The best recipe against such false taste expectations is education: Researchers at the University of Kiel were able to prove that with increasing health awareness, the basic assumption that healthy food tastes worse than unhealthy food disappears.

 

Expectation of taste as a question of culture

Surprisingly, in France the opposite of the unhealthy and tasty rule applies. The French expect healthy food to taste better. Researchers at the University of Grenoble attribute this primarily to the more pronounced culinary quality awareness in France. Fewer artificial flavours, more fresh ingredients and carefully composed dishes. We should be inspired by this culinary philosophy of enjoyment of the French.

 

Soft Health – eating without ideology

The path to health no longer leads through prohibitions, sins and the dogged focus on abstract nutritional values. Instead, the nutrition trend ‘Soft Health’ concentrates on taste, naturalness and quality – and thus combines the desire to eat with a balanced diet and positive effects on one’s health.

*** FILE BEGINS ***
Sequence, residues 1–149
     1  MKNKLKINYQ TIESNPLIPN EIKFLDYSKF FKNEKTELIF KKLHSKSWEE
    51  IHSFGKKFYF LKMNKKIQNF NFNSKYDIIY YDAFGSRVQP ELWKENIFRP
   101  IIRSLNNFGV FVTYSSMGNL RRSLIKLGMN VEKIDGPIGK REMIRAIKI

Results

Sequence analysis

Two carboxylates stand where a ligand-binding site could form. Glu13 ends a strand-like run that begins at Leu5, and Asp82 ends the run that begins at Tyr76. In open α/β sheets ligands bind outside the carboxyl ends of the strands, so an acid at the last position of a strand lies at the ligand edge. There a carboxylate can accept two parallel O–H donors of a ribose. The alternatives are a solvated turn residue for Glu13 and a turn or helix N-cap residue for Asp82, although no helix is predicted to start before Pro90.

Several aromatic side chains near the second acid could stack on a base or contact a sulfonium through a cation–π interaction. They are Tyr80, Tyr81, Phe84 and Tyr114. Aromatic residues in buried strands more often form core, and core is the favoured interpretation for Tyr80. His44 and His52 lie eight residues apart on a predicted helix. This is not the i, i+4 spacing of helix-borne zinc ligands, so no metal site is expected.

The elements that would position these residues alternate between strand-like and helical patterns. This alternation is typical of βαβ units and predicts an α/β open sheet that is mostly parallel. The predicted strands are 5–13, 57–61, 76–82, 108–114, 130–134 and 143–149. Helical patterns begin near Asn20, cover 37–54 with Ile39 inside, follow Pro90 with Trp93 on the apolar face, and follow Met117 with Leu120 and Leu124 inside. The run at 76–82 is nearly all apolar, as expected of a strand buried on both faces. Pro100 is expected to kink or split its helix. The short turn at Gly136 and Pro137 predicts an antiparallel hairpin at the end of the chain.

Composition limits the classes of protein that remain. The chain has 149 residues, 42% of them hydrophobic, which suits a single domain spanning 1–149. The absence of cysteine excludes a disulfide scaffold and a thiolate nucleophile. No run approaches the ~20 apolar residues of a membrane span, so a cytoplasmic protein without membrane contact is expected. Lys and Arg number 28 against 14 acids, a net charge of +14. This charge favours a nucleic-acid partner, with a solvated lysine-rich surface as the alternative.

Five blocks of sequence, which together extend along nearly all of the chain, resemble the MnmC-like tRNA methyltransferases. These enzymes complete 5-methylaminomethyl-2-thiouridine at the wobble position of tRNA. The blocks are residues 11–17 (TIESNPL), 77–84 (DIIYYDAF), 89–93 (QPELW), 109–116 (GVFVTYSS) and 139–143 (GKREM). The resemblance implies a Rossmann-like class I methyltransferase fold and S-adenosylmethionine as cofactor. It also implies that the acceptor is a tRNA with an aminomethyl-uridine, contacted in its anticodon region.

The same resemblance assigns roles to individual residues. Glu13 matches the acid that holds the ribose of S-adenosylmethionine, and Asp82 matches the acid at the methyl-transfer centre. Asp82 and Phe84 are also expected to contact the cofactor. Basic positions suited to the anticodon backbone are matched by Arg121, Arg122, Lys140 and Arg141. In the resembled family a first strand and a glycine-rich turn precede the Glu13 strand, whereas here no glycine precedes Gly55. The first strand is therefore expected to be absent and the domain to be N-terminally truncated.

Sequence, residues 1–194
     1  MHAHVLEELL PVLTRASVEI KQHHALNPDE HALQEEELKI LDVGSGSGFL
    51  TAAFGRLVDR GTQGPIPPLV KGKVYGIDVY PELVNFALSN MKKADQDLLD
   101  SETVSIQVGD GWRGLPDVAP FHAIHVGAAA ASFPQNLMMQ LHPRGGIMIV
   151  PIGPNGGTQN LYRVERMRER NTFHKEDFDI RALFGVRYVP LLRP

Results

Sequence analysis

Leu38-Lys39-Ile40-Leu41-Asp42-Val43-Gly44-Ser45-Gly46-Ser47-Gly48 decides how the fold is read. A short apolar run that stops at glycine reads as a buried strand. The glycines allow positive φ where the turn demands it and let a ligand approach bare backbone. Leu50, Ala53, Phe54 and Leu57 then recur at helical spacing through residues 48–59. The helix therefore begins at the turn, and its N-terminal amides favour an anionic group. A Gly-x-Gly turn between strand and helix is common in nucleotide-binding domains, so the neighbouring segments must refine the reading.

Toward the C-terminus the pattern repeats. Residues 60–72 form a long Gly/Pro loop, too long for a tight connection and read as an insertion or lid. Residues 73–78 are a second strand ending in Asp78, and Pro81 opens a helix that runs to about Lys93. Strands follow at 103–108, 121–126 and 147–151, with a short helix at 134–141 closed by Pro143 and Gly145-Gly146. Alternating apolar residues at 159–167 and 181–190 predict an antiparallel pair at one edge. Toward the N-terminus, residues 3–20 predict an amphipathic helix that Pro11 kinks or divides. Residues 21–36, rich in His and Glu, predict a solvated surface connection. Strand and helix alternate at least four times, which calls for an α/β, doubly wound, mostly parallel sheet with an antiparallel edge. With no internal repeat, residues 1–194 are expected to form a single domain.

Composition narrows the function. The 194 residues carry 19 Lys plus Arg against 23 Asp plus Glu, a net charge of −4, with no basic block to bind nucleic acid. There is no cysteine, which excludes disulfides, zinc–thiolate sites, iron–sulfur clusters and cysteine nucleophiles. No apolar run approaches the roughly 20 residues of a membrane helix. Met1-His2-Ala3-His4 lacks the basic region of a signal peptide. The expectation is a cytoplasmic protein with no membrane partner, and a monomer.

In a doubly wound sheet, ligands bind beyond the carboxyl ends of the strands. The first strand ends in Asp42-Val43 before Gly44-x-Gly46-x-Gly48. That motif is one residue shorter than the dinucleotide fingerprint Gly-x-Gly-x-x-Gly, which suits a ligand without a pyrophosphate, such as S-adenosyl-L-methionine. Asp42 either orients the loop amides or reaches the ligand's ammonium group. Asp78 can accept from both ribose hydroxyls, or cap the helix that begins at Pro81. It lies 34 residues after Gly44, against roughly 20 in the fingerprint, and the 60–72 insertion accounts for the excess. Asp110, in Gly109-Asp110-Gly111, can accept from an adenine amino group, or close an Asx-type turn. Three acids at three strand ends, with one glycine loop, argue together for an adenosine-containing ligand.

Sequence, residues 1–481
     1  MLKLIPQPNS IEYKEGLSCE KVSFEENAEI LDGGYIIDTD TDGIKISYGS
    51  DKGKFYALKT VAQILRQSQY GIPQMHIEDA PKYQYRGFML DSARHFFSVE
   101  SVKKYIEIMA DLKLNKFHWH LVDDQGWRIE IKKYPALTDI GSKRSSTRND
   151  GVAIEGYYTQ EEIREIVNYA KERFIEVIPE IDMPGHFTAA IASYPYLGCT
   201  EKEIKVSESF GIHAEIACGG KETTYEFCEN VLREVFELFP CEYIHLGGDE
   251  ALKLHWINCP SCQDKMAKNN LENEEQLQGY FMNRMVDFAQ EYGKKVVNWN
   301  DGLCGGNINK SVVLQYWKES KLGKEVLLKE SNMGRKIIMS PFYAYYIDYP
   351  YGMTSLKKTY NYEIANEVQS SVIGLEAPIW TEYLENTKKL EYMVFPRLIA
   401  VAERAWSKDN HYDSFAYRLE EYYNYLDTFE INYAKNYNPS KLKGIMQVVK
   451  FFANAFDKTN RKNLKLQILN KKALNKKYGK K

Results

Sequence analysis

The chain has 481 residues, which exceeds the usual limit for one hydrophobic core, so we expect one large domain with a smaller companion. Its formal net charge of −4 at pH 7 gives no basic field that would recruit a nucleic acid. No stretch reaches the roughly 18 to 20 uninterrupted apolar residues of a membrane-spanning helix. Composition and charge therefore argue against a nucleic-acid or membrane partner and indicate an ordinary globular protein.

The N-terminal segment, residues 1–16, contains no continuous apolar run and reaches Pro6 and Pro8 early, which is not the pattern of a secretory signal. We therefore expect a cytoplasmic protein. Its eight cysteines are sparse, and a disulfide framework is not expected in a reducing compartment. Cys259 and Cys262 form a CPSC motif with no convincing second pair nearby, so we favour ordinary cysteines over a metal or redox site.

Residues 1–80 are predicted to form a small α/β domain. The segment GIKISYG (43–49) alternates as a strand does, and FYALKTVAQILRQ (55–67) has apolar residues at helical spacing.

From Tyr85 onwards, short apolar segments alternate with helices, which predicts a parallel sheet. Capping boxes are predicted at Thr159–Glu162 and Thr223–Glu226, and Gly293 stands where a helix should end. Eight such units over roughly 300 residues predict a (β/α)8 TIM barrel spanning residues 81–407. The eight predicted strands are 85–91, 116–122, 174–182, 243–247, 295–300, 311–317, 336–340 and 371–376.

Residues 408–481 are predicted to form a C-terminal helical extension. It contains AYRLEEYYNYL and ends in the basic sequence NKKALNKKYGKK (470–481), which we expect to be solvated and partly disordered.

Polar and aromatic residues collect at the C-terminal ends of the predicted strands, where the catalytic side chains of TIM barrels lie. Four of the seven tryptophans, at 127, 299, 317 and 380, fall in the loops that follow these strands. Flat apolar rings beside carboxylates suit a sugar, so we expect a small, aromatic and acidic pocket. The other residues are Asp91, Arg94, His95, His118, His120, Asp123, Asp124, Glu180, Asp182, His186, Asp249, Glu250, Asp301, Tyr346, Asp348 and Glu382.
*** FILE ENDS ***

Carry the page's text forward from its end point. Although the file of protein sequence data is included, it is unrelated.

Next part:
Soft Health is based, among other things, on the fact that the joy of life is indispensable as a psychological basis for individual health. Our striving for health must not be perceived as a stress factor and contradiction to the good life. Only food that we enjoy can therefore really do us good. Beyond strict beliefs and ideologies, a personalised diet based on conscious enjoyment is thus developing – without any burdensome ideology.

 

The luxury of nature

The solution to the super wheat we are looking for is actually already on the table: the seed databases of the world contain over 800,000 wheat varieties, only a fraction of which are cultivated. But even behind the apparently absurd characteristics of these varieties, whose meaning is not apparent at first glance, there is a purpose of existence that has arisen over a long period of evolution. Because in nature there is no luxury without function. So let us discover together the intrinsic health value of super wheat. Let’s go on a search!

Our solution:

work in progress…